De novo variants in SNAP25 cause an early-onset developmental and epileptic encephalopathy

Chiara Klöckner, Heinrich Sticht, Pia Zacher, Bernt Popp, Holly E. Babcock, Dewi P. Bakker, Katy Barwick, Michaela V. Bonfert, Carsten G. Bönnemann, Eva H. Brilstra, Wendy K. Chung, Angus J. Clarke, Patrick Devine, Sandra Donkervoort, Jamie L. Fraser, Jennifer Friedman, Alyssa Gates, Jamal Ghoumid, Emma Hobson, Gabriella HorvathJennifer Keller-Ramey, Boris Keren, Manju A. Kurian, Virgina Lee, Kathleen A. Leppig, Johan Lundgren, Marie T. McDonald, Amy McTague, Heather C. Mefford, Cyril Mignot, Mohamad A. Mikati, Caroline Nava, F. Lucy Raymond, Julian R. Sampson, Alba Sanchis-Juan, Vandana Shashi, Joseph T.C. Shieh, Marwan Shinawi, Anne Slavotinek, Tommy Stödberg, Nicholas Stong, Jennifer A. Sullivan, Ashley C. Taylor, Tomi L. Toler, Marie José van den Boogaard, Saskia N. van der Crabben, Koen L.I. van Gassen, Richard H. van Jaarsveld, Jessica Van Ziffle, Rikke S. Møller, Care4Rare Canada Consortium

Publikation: Bidrag til tidsskriftTidsskriftartikelForskningpeer review


Purpose: This study aims to provide a comprehensive description of the phenotypic and genotypic spectrum of SNAP25 developmental and epileptic encephalopathy (SNAP25-DEE) by reviewing newly identified and previously reported individuals. Methods: Individuals harboring heterozygous missense or loss-of-function variants in SNAP25 were assembled through collaboration with international colleagues, matchmaking platforms, and literature review. For each individual, detailed phenotyping, classification, and structural modeling of the identified variant were performed. Results: The cohort comprises 23 individuals with pathogenic or likely pathogenic de novo variants in SNAP25. Intellectual disability and early-onset epilepsy were identified as the core symptoms of SNAP25-DEE, with recurrent findings of movement disorders, cerebral visual impairment, and brain atrophy. Structural modeling for all variants predicted possible functional defects concerning SNAP25 or impaired interaction with other components of the SNARE complex. Conclusion: We provide a comprehensive description of SNAP25-DEE with intellectual disability and early-onset epilepsy mostly occurring before the age of two years. These core symptoms and additional recurrent phenotypes show an overlap to genes encoding other components or associated proteins of the SNARE complex such as STX1B, STXBP1, or VAMP2. Thus, these findings advance the concept of a group of neurodevelopmental disorders that may be termed “SNAREopathies.”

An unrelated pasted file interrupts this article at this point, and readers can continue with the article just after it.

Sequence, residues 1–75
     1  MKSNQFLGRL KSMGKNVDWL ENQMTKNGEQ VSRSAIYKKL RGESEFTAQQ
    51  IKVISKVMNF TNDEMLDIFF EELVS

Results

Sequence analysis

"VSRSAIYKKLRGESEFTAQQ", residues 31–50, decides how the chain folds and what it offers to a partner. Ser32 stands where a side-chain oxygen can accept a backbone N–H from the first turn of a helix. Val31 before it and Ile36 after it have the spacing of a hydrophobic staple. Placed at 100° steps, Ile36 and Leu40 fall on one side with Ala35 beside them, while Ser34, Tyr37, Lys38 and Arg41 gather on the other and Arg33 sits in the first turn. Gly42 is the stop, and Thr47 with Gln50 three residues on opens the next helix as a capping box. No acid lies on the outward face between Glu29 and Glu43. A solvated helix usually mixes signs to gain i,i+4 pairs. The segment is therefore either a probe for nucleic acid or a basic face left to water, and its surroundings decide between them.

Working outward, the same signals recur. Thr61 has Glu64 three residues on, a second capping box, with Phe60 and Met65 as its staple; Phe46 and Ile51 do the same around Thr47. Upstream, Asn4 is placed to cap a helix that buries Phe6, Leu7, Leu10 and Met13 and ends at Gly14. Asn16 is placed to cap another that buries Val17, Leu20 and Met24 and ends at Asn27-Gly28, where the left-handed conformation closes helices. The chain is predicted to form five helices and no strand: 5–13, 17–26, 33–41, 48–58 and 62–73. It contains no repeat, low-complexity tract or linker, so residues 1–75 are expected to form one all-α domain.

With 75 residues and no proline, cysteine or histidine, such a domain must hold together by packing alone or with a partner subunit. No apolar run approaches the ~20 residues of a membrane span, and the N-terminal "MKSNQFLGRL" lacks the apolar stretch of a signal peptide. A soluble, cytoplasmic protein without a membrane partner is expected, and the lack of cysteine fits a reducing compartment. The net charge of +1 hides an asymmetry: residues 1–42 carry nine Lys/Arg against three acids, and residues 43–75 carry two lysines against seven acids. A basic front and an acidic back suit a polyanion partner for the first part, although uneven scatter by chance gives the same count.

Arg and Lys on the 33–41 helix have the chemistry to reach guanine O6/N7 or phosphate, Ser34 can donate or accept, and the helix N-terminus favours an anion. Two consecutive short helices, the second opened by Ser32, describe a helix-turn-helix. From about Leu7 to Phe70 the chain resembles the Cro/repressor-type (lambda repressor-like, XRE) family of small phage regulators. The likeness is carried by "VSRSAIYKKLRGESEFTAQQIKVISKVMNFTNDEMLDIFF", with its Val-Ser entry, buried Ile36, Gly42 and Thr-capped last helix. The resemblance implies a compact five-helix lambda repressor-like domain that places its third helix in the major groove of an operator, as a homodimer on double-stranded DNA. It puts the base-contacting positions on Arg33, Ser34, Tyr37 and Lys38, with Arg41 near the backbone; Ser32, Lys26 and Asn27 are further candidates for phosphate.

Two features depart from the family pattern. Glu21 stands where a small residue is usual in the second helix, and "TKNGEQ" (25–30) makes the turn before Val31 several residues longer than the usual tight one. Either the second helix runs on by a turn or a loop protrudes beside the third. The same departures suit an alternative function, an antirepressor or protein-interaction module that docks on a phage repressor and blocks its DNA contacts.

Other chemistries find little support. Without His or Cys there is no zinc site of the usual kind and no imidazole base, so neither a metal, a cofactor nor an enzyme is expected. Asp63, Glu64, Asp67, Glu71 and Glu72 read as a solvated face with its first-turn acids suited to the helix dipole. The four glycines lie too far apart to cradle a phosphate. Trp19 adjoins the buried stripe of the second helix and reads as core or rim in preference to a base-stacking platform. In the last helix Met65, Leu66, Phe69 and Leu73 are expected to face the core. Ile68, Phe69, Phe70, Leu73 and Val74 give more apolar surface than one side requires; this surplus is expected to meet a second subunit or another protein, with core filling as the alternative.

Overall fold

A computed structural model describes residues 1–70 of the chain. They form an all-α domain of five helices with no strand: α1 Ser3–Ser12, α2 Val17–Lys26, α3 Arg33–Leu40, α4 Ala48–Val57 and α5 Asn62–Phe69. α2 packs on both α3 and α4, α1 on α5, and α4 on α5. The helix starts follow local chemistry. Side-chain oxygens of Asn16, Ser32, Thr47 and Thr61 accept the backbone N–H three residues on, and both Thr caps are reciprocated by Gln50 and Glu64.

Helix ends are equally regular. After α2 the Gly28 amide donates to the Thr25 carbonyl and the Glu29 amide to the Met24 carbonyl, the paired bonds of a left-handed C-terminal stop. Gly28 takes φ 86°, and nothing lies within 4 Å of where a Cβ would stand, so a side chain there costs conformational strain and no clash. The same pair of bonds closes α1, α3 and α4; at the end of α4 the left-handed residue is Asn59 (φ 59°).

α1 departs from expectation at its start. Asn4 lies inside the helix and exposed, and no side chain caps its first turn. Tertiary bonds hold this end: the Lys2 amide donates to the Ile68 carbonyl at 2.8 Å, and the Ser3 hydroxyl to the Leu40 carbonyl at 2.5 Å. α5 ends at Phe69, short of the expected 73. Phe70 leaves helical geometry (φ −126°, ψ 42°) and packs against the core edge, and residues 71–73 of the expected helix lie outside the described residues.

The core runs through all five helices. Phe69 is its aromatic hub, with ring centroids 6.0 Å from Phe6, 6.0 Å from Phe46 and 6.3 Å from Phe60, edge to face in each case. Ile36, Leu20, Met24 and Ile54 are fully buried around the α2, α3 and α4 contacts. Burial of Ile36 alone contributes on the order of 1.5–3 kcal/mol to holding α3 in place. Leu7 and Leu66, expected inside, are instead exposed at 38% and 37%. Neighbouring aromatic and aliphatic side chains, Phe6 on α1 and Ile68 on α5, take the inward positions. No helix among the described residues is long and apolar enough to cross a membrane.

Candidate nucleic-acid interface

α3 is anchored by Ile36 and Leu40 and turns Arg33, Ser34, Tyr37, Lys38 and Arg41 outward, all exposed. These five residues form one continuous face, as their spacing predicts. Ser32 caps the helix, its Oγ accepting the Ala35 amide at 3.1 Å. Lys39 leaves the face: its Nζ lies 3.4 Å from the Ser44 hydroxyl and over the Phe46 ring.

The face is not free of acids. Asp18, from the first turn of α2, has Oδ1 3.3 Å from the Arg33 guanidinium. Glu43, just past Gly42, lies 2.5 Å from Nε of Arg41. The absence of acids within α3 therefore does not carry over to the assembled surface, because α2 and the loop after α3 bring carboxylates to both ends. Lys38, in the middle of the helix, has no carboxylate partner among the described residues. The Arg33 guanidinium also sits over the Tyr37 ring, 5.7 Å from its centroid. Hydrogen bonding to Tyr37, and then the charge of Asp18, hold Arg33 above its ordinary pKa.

TidsskriftGenetics in Medicine
Udgave nummer4
Sider (fra-til)653-660
StatusUdgivet - apr. 2021


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